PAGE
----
The Grand Opera House in Belfast has always held a special place in my heart and it all started with trips to the panto as a child.

So it was very special to take my own son to this beautiful theater for the first time, and of course the ideal first type of show to take him to: the annual pantomime.

I prepared him. Audience participation, ice cream during intermission and without May McFettridge it wouldn’t be the Grand Opera House.

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This year’s panto is based on the popular Disney story Snow White and the Seven Dwarfs, a story my four year old is not very familiar with, but he was still excited to see how the story would unfold.

It’s been a while since I’ve seen the pantomime myself and the first thing that blew me away was the sheer spectacle of it all. The costumes, stage, lighting and music are impressive from the start.

And it didn’t take long for my son to master panto, thanks in large part to the silly antics of Phil Walker as Muddles, the Evil Queen’s court jester.

Snow White and the Big Seven
Snow White and the Big Seven

He quickly mesmerized the kids by singing “hiya Muddles” every time he came on stage, which thrilled my son. If you are allowed to shout loudly during a performance, there is nothing like panto to captivate the audience and make them laugh.

Plus the humor of a panto is absolutely ideal for a four year old. Don’t get me wrong, there’s still plenty for the grown-ups, plenty of tongue-in-cheek commentary that happily goes over the little ones’ heads. But the slapstick humor gets a lot of laughs, especially from younger viewers.

It was these brilliantly staged light-hearted moments that my son lived for and the dynamic between May McFettridge as May of the Mirror, Paddy Jenkins as the Queen’s henchman and Walker’s Muddles made for a brilliant panto.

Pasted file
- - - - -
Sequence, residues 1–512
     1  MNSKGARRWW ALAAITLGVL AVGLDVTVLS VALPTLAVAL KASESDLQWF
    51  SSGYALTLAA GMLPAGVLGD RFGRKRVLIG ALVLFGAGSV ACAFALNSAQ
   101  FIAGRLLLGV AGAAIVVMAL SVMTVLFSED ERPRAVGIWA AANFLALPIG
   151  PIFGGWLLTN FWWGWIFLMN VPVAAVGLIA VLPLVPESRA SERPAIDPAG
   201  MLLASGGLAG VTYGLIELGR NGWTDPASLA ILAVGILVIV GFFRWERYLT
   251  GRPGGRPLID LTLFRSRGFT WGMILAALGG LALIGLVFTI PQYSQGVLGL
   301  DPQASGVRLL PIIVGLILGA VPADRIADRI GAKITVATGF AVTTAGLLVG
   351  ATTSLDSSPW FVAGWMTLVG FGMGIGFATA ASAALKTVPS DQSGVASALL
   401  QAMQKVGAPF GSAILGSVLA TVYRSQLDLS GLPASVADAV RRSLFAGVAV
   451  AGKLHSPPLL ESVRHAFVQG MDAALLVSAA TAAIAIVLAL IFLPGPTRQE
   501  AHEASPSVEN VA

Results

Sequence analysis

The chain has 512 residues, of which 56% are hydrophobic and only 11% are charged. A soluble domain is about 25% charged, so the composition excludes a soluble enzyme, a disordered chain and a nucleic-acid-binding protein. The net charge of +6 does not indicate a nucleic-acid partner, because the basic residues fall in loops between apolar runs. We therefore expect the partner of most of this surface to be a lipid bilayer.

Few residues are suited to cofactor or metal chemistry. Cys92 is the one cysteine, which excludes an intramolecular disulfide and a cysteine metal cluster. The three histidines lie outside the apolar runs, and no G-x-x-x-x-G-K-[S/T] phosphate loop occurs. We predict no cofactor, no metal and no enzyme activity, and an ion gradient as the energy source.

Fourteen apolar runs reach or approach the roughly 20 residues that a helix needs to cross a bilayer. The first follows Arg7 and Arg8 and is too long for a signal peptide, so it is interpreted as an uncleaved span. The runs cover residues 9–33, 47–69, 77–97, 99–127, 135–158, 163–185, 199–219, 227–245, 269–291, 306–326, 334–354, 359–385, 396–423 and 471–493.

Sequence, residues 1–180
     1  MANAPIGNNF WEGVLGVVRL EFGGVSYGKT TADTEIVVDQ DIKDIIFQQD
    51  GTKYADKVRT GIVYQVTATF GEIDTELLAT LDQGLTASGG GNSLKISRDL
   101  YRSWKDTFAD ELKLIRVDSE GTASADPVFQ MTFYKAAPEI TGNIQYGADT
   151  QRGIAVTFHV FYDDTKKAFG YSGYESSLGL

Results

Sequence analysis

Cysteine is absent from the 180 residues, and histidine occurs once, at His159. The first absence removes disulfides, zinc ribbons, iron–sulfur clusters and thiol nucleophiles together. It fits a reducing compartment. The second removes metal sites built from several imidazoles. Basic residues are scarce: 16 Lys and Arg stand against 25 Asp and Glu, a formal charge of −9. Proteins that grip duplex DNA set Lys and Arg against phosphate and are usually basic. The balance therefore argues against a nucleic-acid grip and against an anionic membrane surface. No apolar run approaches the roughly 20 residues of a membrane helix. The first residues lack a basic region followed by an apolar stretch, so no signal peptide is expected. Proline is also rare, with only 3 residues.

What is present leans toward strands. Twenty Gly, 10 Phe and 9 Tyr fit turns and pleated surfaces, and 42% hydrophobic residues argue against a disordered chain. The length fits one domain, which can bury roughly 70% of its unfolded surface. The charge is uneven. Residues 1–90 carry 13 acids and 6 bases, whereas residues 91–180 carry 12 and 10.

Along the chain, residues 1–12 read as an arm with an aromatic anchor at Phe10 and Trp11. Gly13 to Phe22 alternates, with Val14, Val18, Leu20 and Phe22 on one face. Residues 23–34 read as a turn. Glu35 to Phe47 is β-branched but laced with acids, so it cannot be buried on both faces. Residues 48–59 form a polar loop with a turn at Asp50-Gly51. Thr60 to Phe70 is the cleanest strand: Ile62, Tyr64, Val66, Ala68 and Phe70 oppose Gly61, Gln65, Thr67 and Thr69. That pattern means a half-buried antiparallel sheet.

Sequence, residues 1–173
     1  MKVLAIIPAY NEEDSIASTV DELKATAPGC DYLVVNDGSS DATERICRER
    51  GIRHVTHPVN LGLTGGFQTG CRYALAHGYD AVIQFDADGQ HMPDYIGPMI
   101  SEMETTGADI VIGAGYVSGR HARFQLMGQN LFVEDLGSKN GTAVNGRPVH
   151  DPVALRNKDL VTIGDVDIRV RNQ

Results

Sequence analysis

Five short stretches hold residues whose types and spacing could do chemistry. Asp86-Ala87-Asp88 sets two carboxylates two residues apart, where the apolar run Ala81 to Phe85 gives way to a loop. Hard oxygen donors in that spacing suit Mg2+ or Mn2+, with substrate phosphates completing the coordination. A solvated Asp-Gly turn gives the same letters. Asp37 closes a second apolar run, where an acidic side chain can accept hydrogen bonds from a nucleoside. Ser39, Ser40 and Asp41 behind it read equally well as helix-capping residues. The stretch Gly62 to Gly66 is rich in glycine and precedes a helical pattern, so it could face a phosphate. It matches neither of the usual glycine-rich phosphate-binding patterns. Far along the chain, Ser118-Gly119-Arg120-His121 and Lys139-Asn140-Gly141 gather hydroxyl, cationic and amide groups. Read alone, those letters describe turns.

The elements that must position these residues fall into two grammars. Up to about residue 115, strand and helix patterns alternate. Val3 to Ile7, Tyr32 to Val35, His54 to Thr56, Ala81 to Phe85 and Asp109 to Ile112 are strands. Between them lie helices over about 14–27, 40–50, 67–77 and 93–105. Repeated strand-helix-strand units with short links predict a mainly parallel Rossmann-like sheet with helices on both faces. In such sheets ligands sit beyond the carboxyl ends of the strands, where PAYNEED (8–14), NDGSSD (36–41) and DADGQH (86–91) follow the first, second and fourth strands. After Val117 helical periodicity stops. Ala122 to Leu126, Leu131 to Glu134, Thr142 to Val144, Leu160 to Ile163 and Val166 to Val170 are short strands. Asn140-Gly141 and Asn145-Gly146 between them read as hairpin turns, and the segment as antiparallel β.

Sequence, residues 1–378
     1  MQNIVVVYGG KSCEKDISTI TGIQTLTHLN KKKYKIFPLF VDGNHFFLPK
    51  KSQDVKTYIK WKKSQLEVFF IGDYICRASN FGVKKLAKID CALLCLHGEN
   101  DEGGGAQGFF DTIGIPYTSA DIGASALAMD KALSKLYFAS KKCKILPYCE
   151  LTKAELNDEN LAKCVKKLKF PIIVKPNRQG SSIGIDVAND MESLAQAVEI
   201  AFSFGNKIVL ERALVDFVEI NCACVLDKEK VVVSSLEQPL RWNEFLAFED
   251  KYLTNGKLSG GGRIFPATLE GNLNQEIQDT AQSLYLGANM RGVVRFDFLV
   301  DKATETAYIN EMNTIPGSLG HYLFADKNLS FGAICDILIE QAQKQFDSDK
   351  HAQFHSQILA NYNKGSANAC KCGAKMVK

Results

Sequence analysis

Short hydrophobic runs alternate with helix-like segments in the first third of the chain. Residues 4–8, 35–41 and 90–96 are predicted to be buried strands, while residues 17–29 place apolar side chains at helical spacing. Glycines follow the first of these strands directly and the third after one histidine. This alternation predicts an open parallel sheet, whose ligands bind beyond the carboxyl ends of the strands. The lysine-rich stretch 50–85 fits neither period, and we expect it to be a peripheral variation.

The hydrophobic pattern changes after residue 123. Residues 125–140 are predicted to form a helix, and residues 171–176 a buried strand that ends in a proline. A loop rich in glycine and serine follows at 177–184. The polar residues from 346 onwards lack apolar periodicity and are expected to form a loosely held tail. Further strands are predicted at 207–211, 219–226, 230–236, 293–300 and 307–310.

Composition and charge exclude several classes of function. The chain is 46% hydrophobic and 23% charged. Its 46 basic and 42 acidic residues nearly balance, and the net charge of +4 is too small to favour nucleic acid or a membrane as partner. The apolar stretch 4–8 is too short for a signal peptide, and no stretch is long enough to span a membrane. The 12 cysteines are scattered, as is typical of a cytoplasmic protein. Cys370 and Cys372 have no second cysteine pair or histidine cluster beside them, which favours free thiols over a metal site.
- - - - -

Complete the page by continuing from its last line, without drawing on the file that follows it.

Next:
Muddles, Paddy and May from the mirror
Muddles, Paddy and May from the mirror

And there’s no denying that after all these years May McFettridge is still the star of the show. No one can beat her humor, her timing and her stage presence. My son was a bit unsure at first, but gradually assured me that he started to like May.

I was particularly impressed by her arrival as she sailed down from the sky into the transom. The production and what they have achieved on stage since childhood is outstanding.

My highlight was when Muddles sent his bike flying over the audience and even managed to flip upside down. I have no idea how they did it, but it’s certainly a far cry from what I was used to as a child, and it’s an example of the attention and care that has gone into the Grand Opera House’s pantomime over time , becomes more and more. more impressive over the years. .

Snow White and the Big Seven
Snow White and the Big Seven

The story follows the basic outline of Snow White, with some Northern Irish additions such as Prince Conall of Coleraine. We see the beautiful Snow White, played to perfection by Aisling Sharkey, fall in love with Conor Headley’s Prince Charming, much to the dismay of Queen Dragonella, the wonderful Jolene O’Hara, who wants her prince for herself.

She is convinced she is the most beautiful in the country, even though the crowd gives her a loud “Oh no, you’re not.” My son shouted it gleefully, although he was disappointed that there were no “He’s got your back” moments.

His favorite character was Queen Dragonella, which is a testament to how well O’Hara played the role and you could clearly see that she had fun playing the villain.

Queen Dragonella
Queen Dragonella

Another entertaining element of this year’s pantomime was Britain’s Got Talent finalist Flawless, and the dance troupe certainly impressed with their moves in their role as Queen’s Guard. The backflips and breakdances were something my son had never seen before, so he loved watching them perform.

Of course, there is no Snow White without the Magnificent Seven, brilliantly led by Scott English. I would have liked to see more of them on stage, but in the end they were there to save the day and that’s what matters most.

The length of the panto is almost perfect for families, with the first half lasting almost an hour and finishing just after 9pm. It was late for my son, but he had the best night and there was no chance of him falling asleep from all the excitement on stage.

A wonderful introduction to panto and a great start to a holiday in Belfast.

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